The award, made possible by a grant from the W.K. Kellogg Foundation, recognizes four-year public universities that have redesigned their learning, discovery, and engagement functions to become productively involved with their communities. It is named for C. Peter Magrath, former APLU, (NASULGC) president from 1992-2005 and leading advocate for outreach and community engagement. The Magrath recipient is chosen from a pool of four regional winners of from the Outreach Scholarship/W.K. Kellogg Foundation Engagement Awards, which are presented each fall during the National Outreach Scholarship Conference.
"The Young Scholars Program is a clear example of the outstanding things that can happen when universities and communities work together to give young people an opportunity to succeed,” said Joseph A. Alutto, interim president of The Ohio State University. “In its 25th year, this program is one of the many initiatives in place at Ohio State to ensure that we fulfill our land-grant mission of providing access to excellence to all deserving students."
Three Magrath Award finalists were also recognized during the program: Penn State's Humanitarian Engineering Social Entrepreneurship (HESE), a program that brings students and faculty together across various disciplines to address compelling challenges facing the developing world and marginalized communities; University of Idaho's McCall Outdoor Science School, which facilitates place-based, collaborative science inquiry within the context of Idaho's land, water and communities; and the University of Texas at El Paso's Nuestra Case Initiative for its advocacy and awareness efforts to prevent the spread of tuberculosis in Mexico and U.S.-Mexico borderlands.
Founded in 1988, Ohio State’s YSP identifies academically talented first-generation middle and high school students from Ohio’s nine largest urban school districts: Akron, Canton, Cincinnati, Cleveland, Columbus, Dayton, Lorain, Toledo, and Youngstown. Now it its 25th year, YSP has made it possible for nearly 800 students to become first-generation college graduates. From 2008-10, 15 percent of all Ohio State students admitted from the YSP districts were YSP graduates. Overall, YSP supplied 27 percent of African American students admitted from Ohio’s urban districts and over 50 percent of the African American students admitted from Canton, Lorain, and Youngstown during this same period.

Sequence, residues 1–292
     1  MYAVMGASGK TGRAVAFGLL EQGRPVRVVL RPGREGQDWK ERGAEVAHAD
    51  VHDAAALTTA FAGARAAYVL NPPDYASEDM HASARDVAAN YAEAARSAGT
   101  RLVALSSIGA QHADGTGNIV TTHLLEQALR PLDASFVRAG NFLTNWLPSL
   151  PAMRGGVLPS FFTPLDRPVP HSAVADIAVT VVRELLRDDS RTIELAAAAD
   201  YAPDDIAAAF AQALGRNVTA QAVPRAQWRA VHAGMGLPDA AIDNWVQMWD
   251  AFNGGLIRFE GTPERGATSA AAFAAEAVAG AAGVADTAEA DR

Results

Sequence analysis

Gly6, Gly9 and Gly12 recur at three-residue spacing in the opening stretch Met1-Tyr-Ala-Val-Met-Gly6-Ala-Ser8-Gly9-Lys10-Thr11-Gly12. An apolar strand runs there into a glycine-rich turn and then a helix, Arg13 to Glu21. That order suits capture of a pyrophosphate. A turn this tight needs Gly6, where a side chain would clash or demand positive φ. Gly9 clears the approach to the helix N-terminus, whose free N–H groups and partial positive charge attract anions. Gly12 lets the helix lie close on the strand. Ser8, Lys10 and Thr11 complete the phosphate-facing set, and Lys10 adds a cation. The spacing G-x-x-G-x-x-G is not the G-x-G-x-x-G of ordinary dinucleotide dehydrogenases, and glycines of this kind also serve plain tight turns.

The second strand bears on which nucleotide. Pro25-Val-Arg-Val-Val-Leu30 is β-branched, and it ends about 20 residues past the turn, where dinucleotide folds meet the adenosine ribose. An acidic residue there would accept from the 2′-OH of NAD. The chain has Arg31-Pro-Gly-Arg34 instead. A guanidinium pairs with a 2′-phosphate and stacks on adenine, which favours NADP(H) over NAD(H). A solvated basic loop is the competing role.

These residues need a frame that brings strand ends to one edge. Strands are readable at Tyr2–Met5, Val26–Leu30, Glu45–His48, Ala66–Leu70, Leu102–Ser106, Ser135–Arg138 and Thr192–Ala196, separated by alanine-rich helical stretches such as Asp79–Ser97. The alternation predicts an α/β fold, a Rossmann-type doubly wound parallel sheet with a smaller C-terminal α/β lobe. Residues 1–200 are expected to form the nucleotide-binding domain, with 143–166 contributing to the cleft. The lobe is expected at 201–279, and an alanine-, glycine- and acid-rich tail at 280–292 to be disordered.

Through exemplary community engagement, YSP works with superintendents, principals, and counselors to significantly improve student performance and district graduation rates. In addition to supporting the mission of statewide public school districts, YSP helps parents become more involved in their children’s learning. The anticipated and achieved benefits were an increase in the recruitment and retention of African American and years later, Hispanic, Asian, Native American, and low-income white residents at four-year universities and colleges. The urban school districts continue to benefit because 100 percent of students who participate in YSP graduate from high school. Those students who enroll at Ohio State receive full financial packages, increasing the racial, ethnic, economic, and cultural diversity on campus and in America’s workforce.
The award selection panel included: Mark Huddleston, president of the University of New Hampshire (chair); Judith Ramaley, president emerita of Portland State University; James Zuiches, former vice chancellor of North Carolina State University; and Mortimer Neufville, president of Coppin State University and former executive vice president of APLU.